In the past few years, the number of plant-based imitation products has increased in the market – in particular for tuna, salmon, hake and shrimp – and there are cases of unclear labelling practices in the EU market. Based on this, the Market Advisory Council (MAC) has made recommendations to the European Commission for an improvement of the labelling legislation for alternative seafood products.
Besides general legislation on food information to consumers, fisheries and aquaculture products are also subject to special labelling and information obligations, which is not the case for plant-based products. These products often use names similar to the commercial designations of fish and shellfish (e.g. zalmon), trademarks alluding to the sea and the fishing sector (e.g. unfishe”), and health claims associated mainly with the sector (e.g. presence of omega3 fatty acids).
According to MAC members, the European Commission should:
- Reassess whether the existing legal framework sufficiently regulates the labelling and presentation of plant-based imitations, which should involve both the maritime affairs and fisheries as well as the health and food safety services of the Commission.
- Assess the relevance of specific rules to regulate the sector of plant-based products, ensuring a level-playing-field in the EU market and accurate information to consumers.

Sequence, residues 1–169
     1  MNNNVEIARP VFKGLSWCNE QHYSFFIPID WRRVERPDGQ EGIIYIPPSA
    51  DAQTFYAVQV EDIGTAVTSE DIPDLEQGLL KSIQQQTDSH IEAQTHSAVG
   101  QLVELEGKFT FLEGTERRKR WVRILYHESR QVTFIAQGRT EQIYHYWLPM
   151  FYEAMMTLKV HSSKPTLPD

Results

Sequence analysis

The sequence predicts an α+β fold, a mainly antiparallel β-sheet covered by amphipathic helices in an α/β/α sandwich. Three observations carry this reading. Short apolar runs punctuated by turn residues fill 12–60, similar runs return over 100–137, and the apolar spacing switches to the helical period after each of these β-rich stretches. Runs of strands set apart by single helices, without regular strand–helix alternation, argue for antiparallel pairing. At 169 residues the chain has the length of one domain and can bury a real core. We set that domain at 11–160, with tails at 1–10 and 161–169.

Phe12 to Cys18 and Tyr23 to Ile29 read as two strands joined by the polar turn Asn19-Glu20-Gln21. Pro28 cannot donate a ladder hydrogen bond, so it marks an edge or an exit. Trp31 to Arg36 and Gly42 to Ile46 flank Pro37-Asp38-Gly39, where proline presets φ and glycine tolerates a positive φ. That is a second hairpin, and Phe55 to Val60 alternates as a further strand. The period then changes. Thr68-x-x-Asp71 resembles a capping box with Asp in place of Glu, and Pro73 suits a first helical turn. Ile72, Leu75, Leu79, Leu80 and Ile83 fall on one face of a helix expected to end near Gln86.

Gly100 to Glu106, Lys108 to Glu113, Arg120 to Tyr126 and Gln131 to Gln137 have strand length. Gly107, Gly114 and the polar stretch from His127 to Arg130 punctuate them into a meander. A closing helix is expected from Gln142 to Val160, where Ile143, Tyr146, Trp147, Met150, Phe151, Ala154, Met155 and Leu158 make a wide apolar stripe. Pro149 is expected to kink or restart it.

- Guarantee fair competition in the EU market, including through inspection activities, to ensure the respect of fair information practices, in line with the general legislation on food information to consumers.
- Commission a study on the development of plant-based products, including market size and growth, ingredients and production methods, labelling practices, dietary and health impacts of the replacement of marine protein, and consumer understanding.
- Take into account legislative developments in the member states, including both national legislation and voluntary guidelines.
Yobana Bermúdez, chair of the MAC, commented in a press release: “The presence of plant-based products is understandably growing in the market, in response to the interest of consumers in new diets. Nevertheless, some labelling and information practices, potentially due to the lack of a specific legislation for these products, is concerning. At the same time, fisheries and aquaculture operators must meet comprehensive legal requirements on labelling to place their products on the EU market. This regulatory difference between food operators raises questions in terms of a level-playing-field and the provision of accurate information to consumers”.
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